I am currently reading Rewired by Larry D. Rosen, Ph.D. The book is about understanding the way that the iGeneration learns. The book defines the iGeneration as:
“…born in the 1980’s and 1990’s, the iGeneration children and teens are in elementary school, middle school, and high school. They spend their days immersed in a “media diet,” devouring entertainment, communication, and well, any form of electronic media. They are master multitaskers, social networkers, electronic communicators and the first to rush to any new technology.”
The iGeneration fills their time with social media, connected to their friends through facebook, tweets, IMs and texting. This generation texts more than it talks on the phone according to a 2008 study by the Nielsen polling group fro a panel of 50,000 cell phone owners they found that preteens (why do they have phones in the first place?) sent and received 428 texts a month and only 137 calls. Teens 13 – 17 sent and received 1742 texts and only 231 calls monthly, which is staggering, but a similar study nine months later found that these same teens were sending 2899 texts compared to only 191 calls. What does this mean for learning and teaching?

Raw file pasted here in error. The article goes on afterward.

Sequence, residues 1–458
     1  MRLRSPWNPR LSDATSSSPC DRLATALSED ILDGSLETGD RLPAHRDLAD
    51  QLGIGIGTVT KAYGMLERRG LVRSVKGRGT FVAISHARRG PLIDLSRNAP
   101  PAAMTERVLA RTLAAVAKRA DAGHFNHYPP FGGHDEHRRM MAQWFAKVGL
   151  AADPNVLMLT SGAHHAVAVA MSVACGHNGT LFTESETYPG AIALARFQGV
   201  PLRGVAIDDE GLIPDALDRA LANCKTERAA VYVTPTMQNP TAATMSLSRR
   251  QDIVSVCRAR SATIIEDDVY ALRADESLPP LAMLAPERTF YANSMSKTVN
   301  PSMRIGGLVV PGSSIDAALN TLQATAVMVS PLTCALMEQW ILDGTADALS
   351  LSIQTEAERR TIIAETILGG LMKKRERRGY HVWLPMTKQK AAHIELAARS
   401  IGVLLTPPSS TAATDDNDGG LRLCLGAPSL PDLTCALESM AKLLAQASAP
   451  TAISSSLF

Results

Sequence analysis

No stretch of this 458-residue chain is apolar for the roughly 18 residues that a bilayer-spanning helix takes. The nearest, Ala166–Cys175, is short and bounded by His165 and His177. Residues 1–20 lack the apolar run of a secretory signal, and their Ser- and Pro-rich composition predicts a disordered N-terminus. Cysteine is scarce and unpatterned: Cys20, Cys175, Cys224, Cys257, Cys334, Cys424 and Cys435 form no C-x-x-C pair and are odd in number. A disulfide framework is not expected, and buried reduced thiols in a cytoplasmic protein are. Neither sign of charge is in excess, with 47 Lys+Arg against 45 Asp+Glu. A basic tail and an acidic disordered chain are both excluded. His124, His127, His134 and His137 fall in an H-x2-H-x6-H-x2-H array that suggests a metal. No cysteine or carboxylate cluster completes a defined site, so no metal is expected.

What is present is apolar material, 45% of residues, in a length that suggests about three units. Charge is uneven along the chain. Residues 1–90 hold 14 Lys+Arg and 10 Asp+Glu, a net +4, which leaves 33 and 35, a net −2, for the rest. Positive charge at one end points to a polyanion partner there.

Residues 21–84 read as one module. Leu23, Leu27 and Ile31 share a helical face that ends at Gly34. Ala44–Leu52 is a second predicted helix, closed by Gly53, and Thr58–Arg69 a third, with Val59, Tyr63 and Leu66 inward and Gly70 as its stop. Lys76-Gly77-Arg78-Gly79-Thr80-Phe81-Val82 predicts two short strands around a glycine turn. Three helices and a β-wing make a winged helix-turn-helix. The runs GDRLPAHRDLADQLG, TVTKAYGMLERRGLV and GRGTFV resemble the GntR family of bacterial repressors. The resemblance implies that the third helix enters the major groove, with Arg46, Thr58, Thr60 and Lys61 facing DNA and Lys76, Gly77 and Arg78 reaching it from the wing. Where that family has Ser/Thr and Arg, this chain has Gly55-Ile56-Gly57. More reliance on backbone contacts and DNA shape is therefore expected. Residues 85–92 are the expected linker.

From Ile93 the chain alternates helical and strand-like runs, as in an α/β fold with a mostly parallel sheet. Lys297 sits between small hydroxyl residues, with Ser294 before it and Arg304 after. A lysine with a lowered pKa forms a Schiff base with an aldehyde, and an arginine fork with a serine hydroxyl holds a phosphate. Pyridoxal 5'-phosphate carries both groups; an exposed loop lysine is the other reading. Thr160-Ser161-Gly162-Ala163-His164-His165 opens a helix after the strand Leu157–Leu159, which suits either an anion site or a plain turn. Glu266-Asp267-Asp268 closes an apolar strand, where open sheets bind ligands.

Our children are sending and receiving information in a maximum of 140 characters a tweet and 160 characters a text. Their information is one search away and comes to them in megabytes. Entertainment is HD, interactive, bigger than life, gives instant feedback and is often linked to their friends through the internet. It is difficult to imagine that our schools, teachers and parents can compete with this kind of technological onslaught.
Is it any wonder that our children claim that they are bored in a place that has limited technology and real people rather than digitally enhanced super people?